White Asians Wanted: Queer Racialization in Thailand Open Access

Kang, Byung'chu Dredge (2015)

Permanent URL: https://etd.library.emory.edu/concern/etds/sf268599s?locale=en


Scholarly and popular literature often asserts that Caucasian partners are the most desirable, given the political and economic dominance of the West, its media, and beauty ideals. However, based on five years of ethnographic fieldwork in Thailand between 2004 to 2014, I contend that middle class gay men in contemporary Thailand profess preferential desires for "white Asian" partners (i.e. Northeast Asians, Sino-Thais, and Chinese diasporans in Southeast Asia), who are, like Caucasians, associated with light skin color, high economic development, and cosmopolitan modernity. New Asian regionalisms and racializations facilitate such preferences. Thais are increasingly thinking of themselves as "Asian," belonging to a common geography and race. In this context, desires for future social mobility are projected eastward onto newly idealized white Asian partners from economically and culturally powerful countries such as Japan and Korea. Thailand's geopolitical position, situated between wealthier and poorer countries in the region and globally, shapes romantic partner preferences. Thai middle class gay men imagine, embody, and use partnerships with white Asians to instantiate their middle class position. Bourdieu's theory of distinction helps to explain why middle class Thais are avoiding relationships with Caucasians. Thais stigmatize visibly interracial relationships because they are often associated with prostitution. Thai preferential desires for white Asian partners occurs in the context of middle class distinction making in a middle income country with an international reputation for sex tourism. While the poor typically consider any relationships with foreigners beneficial, and the wealthy often consider themselves to be above such concerns, the middle classes are particularly anxious about establishing, elevating, and maintaining their precarious status position. Romantic partnership patterns are one means to manage status concerns. These middle class attitudes and practices, however, are complicit in the ongoing marginalization of sex workers, migrant laborers, and poor or rural Thais. This study demonstrates that development and globalization do not replicate Westernization, but rather locally engage transnational forces and capitalism in an increasingly multi-polar world.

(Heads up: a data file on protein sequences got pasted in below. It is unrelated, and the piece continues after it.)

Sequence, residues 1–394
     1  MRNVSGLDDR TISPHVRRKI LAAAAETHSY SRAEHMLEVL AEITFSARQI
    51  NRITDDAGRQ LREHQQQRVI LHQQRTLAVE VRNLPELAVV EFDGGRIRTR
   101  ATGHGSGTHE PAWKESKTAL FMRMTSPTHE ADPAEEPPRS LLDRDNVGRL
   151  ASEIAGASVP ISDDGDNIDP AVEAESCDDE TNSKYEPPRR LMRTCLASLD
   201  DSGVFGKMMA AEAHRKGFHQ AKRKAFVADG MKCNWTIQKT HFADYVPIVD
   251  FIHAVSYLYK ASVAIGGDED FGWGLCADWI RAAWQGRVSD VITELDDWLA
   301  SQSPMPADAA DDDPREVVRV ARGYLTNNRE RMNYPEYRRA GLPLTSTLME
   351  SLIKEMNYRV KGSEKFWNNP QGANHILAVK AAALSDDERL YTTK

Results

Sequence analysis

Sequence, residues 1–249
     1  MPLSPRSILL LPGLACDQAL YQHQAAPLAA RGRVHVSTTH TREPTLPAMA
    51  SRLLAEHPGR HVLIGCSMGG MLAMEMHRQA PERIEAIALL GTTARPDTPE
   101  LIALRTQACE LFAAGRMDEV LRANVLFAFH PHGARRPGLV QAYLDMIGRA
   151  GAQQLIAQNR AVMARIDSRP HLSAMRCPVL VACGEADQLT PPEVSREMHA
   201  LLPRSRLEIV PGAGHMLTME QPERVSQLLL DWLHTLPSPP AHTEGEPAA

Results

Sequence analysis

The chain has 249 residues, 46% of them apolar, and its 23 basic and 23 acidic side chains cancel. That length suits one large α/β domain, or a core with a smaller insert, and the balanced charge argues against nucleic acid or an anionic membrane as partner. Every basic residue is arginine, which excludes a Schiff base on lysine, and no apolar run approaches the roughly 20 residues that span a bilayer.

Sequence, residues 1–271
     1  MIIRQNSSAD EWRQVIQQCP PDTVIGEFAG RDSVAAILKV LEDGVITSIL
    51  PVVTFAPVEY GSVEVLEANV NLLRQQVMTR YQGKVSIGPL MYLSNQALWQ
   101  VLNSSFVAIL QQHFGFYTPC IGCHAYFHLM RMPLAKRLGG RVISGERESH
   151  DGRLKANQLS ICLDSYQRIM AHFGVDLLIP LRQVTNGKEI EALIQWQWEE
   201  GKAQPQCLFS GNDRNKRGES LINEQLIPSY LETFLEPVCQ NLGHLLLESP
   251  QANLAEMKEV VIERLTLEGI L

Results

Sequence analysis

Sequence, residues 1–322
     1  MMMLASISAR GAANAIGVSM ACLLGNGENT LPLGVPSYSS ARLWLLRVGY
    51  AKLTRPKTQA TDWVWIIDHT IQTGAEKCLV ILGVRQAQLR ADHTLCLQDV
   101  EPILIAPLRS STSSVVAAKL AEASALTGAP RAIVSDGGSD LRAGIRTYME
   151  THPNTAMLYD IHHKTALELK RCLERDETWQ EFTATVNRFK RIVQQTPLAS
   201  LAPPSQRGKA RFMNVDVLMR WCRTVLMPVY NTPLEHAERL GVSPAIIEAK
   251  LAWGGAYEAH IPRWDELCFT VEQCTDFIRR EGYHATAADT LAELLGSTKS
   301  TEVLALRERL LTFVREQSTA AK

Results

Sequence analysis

Table of Contents

Acknowledgments. i

Notes on Transliteration and Conversion. vi

Map of Asia. xiii

Map of Central Bangkok Gay Venues. xiv

Key Events in Thai History. xv

Preface. xvii

1. Introduction. 1

2. Saving Face & Making Distinctions: Development, Morality, and Sex Work in Thailand. 59

3. Paradise Lost and Found in Translation: Frictions in Queer Media and the Public Performance of Sexuality. 149

4. Drawing New Boundaries: Contemporary Thai Racializations. 189

5. "White Asians": Beauty and Transformation in a Trans-Asian Context. 233

6. Eastern Orientations: Middle Class Gay Desire for "White Asians". 315

7. "True Love": Romance between "Ordinary" People. 351

8. Conclusion. 391

Glossary. 405

Biographical Notes. 409

Methods. 415

Notes. 433

Bibliography. 477

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